Getting Obuasi mines working again
When AngloGold Ashanti suspended gold mining operations in Obuasi in 2016, it led to a loss of 5,700 jobs, and the virtual collapse of the town as an economic entity. Since the first gold was brought out of the shafts in 1897, Obuasi has become synonymous with gold mining, which, in turn, has dictated economic activities in the town and its environs ever since.
The decision to suspend operations, according to the Managing Director of AngloGold Ashanti, Mr. Kwesi Enyan, was influenced by low profitability, inability to address local and environmental issues, problems with community engagements, and the encroachment of company reserves by illegal miners, known in local parlance as galamsey.
Mining was initially suspended in 2014, throwing 5,000 miners out of jobs in 2014. But, when the problem worsened, the entire workforce was laid off. Since then, Obuasi has been slipping gradually into oblivion. At the moment, Obuasi is virtually a ghost town.
Ashgold, the football club sponsored by AngloGold Ashanti which won the Ghanaian premier league two years ago, failed woefully to compete last year, and only managed to skip relegation by the skin of its teeth. The gold mine, which is the supply line for resources for the former Ghana champions, and the town generally, is gradually drying up. There are genuine fears that if something drastic is not done about the situation early, Obuasi may slip into oblivion.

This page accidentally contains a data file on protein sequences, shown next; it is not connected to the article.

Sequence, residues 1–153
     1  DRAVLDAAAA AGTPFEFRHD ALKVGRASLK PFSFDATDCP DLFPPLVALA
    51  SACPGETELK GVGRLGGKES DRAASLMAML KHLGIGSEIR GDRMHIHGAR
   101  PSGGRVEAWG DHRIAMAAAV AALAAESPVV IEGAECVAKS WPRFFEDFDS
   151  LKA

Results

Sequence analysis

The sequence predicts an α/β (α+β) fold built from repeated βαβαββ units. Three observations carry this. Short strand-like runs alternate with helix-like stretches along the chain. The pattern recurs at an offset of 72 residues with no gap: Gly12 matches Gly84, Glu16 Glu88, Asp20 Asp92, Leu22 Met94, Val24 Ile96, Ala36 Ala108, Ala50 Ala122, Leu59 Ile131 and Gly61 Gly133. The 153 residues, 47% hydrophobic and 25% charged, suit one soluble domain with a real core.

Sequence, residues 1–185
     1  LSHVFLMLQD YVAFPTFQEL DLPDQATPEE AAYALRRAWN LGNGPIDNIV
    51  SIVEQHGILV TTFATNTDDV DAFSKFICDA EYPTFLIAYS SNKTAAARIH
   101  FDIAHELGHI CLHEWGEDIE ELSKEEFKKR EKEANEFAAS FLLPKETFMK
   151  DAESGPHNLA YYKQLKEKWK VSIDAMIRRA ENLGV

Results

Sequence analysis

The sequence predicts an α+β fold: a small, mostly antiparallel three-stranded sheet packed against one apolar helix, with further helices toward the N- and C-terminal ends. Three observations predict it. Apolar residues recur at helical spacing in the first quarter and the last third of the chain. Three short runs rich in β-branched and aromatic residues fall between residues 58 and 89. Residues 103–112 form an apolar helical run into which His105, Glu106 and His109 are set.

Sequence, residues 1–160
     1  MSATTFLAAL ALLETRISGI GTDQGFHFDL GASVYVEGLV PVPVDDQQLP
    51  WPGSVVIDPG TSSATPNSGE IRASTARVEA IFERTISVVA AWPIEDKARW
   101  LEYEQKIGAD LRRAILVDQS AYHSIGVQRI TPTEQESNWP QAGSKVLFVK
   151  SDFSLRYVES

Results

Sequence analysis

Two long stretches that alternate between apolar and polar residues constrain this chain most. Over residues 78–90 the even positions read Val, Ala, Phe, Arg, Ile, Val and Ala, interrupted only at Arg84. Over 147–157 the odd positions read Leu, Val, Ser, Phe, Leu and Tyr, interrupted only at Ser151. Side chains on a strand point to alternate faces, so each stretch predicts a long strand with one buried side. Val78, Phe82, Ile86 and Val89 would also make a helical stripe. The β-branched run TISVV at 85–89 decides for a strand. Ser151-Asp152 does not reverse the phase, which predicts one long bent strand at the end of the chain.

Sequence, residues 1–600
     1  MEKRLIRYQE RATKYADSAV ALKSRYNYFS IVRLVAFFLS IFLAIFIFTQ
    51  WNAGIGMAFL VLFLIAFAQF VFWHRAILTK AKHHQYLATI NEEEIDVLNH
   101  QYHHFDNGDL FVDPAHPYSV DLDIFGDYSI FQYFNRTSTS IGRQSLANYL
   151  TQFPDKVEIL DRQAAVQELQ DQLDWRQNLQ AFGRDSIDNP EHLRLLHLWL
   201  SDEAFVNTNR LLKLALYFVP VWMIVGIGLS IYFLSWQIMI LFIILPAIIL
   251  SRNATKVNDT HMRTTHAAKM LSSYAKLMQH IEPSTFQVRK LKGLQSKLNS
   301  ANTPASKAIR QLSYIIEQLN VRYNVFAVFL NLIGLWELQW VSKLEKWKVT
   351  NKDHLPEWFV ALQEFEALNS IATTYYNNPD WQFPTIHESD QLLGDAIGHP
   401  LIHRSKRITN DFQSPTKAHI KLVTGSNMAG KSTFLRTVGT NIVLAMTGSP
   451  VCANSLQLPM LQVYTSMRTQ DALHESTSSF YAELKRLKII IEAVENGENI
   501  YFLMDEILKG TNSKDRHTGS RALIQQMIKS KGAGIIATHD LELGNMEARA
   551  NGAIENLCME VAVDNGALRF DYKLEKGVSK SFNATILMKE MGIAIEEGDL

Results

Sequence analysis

On Wednesday, concerned chiefs and opinion leaders, led by the Adansihene, Apagyakotwere Bonsra Afriyie II, took the matter to the seat of Government in Accra, and got the sympathetic ear of the President. Nana Addo Dankwa Akufo-Addo promised government support towards getting the Obuasi mine re-opened.
The Head of State assured Nananom that whatever problem that had militated against the smooth operation of the world's richest gold single mine, would be rectified to get the mines working again.
He spoke of the interest of Randgold Resources, a British mining conglomerate, expressing interest in taking over and operating the Obuasi concessions. According to the President of Ghana, the Chief Executive of Randgold, Mark Bristow, had promised to submit a proposal on the redevelopment of the mine to the government for further discussion.
The Chronicle is delighted with the new development. We have never been amused that the situation had been allowed to so deteriorate that the rich Obuasi mines have all been closed down all this while. We recall, with a tinge of sadness, the circumstances leading to the demise of the former Communications Director of AngloGold. Mr. John Owusu died chasing galamsey operators on AngloGold concessions exactly one year ago. May his soul rest in perfect peace.
There are several reasons leading to the sorry sight at Obuasi. Of the lot, the most repugnant is when, in the name of politics, illegal miners were encouraged to take over AngloGold operations.
It is important to recall that Obuasi has always had a military garrison that frightened illegal miners away. Suddenly, in February last year, without any reason, the garrison was sent away on the orders of the government of the day, leading to an influx of illegal miners, who brazenly took over pits belonging to the mining conglomerate.
In reviving mining at Obuasi, the main consideration should be economic. Once the mine is working, the economic fortunes of the town will improve. We hope and pray that the negotiations to get the mine back to work would not take too long to work out.
As the famous Nigerian author, Chinua Achebe, once wrote: When a handshake goes beyond the elbow, it becomes something else.
Obuasi is crying for help. We hope and pray that this administration would make it possible for things to happen in the shortest possible time. Obuasi must work again
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